Yet another weird SF fan


I'm a mathematician, a libertarian, and a science-fiction fan. Common sense? What's that?

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Yet another weird SF fan
 

Tuesday, June 14, 2005

A Much-Needed Gap in the Blogosphere Has Been Filled

I recently asked if there were any blogs defending Young-Earth Creationism. Orac left a comment pointing to The Narrow. This blogger uses out-of-context arguments that are reminiscent of the open letter to Dr. Laura from his nominal opponents. We see the same use of supposedly-irrefutable arguments that could be easily answered by anybody knowledgeable.

One of the comments can be applied elsewhere:

The worst part of all this is that our children are the pawns in this debacle. It is truly very sad.

I actually was one of those pawn-babies-- the better part of my youth was spent at an Evangelical missionary school in Ethiopia, where we were taught evolution, and then taught to "debunk" it. Here's the thing: that school was *kickass*. It really was. I learned more before eighth grade than I did for some time after that. Even their science curriculum was brilliant, and replete with real skeletons and elephant teeth and nasty slimy things in jars reminiscent of Severus Snape. We dissected bats, and there was much rejoicing. You get the picture.

...Except that we weren't really *taught* evolution, in retrospect, other than as a series of straw-man arguments.

Which is no way to teach anything. A bit of the right sort of omissions; a bit of the right kind of mis-information, and you've actually killed the real thing that "rights and freedom of information" are supposed to do for these kids: help them think, help them learn to *evaluate* things-- because if you don't give them *all* the facts they can reasonably understand (not just the ones you think you can argue with) and if you insinuate (even falsely!) that there is something *wrong* with the facts you are giving, you've not only confused the people you're supposed to enlighten, but you've deprived them of the core vocabulary that allows them to ask questions of you. And it's those questions that let people make up their own minds, *not* the presence or absence of pamphlets.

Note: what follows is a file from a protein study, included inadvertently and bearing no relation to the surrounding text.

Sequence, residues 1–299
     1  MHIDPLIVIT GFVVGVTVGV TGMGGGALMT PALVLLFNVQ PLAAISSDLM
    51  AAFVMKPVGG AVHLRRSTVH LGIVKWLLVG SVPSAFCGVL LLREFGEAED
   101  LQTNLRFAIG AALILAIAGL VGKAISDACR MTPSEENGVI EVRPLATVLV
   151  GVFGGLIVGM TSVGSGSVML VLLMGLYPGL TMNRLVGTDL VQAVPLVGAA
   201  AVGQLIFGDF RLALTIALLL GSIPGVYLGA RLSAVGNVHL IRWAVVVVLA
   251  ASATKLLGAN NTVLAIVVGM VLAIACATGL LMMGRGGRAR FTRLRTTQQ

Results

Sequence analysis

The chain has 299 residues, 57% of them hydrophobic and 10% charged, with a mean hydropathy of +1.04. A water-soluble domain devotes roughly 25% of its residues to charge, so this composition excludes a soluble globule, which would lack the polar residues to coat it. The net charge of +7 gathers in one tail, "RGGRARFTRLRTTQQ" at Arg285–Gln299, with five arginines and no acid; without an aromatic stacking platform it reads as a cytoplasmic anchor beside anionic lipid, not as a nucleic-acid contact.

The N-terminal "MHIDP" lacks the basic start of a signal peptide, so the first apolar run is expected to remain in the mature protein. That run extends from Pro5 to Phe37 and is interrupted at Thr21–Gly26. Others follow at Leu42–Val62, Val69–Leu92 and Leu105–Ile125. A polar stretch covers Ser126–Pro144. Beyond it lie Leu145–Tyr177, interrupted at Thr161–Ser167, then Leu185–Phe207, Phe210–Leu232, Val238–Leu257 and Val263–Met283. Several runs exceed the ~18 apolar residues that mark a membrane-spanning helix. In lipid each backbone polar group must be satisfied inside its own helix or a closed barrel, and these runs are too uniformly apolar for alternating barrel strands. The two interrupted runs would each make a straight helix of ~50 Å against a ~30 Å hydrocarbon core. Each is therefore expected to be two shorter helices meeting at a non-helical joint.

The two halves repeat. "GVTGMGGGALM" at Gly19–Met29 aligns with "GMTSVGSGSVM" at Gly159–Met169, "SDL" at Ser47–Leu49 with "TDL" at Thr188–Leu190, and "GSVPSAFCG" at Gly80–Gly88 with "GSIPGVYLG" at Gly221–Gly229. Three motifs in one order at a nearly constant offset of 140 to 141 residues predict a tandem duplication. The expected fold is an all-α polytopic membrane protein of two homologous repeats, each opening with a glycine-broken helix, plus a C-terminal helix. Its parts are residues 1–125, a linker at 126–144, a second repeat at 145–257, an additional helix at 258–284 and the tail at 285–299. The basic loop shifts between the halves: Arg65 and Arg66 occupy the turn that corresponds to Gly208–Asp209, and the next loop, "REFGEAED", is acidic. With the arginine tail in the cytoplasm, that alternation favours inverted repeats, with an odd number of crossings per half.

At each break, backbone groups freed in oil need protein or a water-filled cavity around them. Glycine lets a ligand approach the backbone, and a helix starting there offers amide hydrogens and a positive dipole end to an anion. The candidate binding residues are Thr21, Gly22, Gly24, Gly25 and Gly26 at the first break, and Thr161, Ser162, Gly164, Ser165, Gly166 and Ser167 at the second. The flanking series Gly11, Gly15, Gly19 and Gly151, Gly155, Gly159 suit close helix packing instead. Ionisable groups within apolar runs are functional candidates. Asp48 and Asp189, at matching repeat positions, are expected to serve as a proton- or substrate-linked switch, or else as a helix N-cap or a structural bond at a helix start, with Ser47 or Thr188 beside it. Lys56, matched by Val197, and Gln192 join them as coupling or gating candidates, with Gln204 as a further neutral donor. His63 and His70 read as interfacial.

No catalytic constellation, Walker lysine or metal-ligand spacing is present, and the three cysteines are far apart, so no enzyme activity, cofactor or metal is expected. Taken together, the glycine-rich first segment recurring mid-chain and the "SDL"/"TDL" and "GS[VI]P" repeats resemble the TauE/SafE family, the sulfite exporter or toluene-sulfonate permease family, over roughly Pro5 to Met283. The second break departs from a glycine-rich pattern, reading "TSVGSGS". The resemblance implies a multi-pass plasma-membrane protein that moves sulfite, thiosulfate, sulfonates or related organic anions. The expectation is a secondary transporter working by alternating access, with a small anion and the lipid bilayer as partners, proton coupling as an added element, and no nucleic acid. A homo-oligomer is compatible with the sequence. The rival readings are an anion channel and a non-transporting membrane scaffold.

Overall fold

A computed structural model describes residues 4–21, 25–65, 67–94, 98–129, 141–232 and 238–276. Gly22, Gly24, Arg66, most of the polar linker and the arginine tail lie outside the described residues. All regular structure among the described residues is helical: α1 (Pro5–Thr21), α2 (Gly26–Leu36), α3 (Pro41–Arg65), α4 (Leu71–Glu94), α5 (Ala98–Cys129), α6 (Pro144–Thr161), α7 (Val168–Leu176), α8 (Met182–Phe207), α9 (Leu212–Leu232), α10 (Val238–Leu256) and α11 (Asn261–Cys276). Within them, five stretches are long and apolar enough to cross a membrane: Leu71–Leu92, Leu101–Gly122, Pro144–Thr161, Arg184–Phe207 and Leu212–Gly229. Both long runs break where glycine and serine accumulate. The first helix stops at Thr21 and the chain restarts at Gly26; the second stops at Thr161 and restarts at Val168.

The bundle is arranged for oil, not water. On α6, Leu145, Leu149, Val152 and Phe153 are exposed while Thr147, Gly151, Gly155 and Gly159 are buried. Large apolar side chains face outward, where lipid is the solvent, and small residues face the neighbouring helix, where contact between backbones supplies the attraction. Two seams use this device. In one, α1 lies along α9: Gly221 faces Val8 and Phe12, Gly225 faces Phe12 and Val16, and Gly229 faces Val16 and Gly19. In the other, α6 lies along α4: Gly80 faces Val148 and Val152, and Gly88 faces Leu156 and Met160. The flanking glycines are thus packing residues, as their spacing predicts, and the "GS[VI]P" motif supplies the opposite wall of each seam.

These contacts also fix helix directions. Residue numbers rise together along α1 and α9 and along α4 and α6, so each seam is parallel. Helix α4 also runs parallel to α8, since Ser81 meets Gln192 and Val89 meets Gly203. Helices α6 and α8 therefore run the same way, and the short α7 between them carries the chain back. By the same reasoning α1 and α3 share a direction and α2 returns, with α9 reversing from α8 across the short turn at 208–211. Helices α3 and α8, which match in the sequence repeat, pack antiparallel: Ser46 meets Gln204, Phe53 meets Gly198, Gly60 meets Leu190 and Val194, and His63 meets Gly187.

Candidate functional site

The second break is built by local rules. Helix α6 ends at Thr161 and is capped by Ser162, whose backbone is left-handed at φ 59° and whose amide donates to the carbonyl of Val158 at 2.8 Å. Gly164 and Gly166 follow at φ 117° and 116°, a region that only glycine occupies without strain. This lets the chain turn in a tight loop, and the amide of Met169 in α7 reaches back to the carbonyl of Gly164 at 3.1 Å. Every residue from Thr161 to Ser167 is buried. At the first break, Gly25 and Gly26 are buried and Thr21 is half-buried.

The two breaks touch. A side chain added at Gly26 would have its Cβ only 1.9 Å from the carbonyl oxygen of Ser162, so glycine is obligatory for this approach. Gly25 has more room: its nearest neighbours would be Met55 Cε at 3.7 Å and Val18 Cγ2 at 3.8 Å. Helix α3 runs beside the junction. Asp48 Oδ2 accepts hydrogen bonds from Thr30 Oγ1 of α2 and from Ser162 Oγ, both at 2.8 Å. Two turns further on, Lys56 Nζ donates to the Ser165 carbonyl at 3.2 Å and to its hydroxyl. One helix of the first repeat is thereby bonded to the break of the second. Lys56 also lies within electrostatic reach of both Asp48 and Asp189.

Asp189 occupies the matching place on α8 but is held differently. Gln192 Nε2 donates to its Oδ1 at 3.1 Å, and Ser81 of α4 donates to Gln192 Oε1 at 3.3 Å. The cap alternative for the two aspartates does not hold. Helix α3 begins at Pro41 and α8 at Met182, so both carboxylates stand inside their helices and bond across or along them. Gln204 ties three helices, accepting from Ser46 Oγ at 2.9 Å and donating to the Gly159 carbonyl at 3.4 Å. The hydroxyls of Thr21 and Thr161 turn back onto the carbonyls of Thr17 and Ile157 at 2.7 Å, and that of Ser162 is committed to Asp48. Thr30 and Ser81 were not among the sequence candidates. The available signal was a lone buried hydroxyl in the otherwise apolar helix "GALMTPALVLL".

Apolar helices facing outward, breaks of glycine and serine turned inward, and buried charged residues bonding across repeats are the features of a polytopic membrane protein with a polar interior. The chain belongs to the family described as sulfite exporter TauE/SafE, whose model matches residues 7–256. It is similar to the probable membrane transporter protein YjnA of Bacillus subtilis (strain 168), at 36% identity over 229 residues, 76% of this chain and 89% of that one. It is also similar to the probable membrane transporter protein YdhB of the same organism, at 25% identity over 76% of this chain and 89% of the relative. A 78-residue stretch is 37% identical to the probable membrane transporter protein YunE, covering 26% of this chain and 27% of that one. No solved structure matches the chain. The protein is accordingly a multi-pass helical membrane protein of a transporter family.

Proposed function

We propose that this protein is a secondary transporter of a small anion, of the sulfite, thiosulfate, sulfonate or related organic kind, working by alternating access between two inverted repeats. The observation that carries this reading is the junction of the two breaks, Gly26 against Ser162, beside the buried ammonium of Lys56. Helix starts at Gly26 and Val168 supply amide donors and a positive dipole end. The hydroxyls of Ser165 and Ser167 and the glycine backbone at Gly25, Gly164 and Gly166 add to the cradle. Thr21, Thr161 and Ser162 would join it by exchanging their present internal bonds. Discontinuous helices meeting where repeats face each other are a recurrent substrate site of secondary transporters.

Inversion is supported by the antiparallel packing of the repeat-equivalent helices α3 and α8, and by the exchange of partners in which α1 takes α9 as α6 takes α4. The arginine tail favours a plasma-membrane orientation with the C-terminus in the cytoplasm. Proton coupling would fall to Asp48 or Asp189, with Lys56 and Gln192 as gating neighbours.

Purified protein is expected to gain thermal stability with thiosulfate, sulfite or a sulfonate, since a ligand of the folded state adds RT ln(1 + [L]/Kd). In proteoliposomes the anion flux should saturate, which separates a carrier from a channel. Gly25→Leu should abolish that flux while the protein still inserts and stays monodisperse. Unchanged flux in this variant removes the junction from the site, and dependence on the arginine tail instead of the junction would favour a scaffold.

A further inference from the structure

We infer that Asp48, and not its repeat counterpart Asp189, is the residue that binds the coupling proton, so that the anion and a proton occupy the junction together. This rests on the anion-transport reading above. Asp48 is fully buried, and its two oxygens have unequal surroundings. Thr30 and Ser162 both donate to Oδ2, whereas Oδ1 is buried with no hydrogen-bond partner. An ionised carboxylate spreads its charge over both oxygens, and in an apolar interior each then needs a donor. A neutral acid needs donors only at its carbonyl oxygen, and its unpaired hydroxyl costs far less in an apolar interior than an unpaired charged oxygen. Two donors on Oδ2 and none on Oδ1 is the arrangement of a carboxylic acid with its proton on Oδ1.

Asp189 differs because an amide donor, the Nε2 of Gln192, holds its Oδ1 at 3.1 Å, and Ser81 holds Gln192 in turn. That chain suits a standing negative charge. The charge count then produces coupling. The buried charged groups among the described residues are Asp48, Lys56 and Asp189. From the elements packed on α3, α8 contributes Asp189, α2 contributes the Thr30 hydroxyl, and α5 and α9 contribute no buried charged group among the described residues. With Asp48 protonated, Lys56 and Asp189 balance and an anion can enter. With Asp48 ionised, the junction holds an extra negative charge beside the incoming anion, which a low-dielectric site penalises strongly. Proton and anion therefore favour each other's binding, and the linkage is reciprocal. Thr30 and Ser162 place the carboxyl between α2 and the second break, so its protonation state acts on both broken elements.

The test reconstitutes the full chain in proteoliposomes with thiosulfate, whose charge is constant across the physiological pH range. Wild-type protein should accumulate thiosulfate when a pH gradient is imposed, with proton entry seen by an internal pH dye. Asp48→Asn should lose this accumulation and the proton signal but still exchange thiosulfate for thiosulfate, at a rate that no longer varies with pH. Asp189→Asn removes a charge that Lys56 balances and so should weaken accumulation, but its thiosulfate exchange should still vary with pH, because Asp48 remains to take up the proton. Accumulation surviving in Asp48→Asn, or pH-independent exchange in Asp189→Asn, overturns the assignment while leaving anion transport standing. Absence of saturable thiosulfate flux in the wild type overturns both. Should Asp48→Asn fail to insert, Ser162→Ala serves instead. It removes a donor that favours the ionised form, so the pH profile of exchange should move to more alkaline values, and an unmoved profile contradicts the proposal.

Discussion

[See... making kids think there's a scientific controversy where in fact there is none only puts them in that confused state where they'll "decide" they "favour" the more psychologically comforting alternative-- the one that they feel gives them the most stability-- and there are plenty of clever techniques that can be (and are being) used to make sure the comforting alternative has nothing to do with science, or facts, or the actual state of knowledge (or confusion) in the field.]

Besides, I want to know if it's turtles all the way down. Do the kids get taught evolution? Evolution + information "critical" of it? Evoltuion + information critical of it + information critical of the information critical of it? Who gets the last word? And wouldn't the time be better spent actually teaching biology?

If you rearrange the above, you have an explanation of how students at supposedly “elite” schools can graduate thinking that depleted uranium is a weapon of mass destruction or that desalinization makes the sea saltier or that Love Canal is permanently uninhabitable or …

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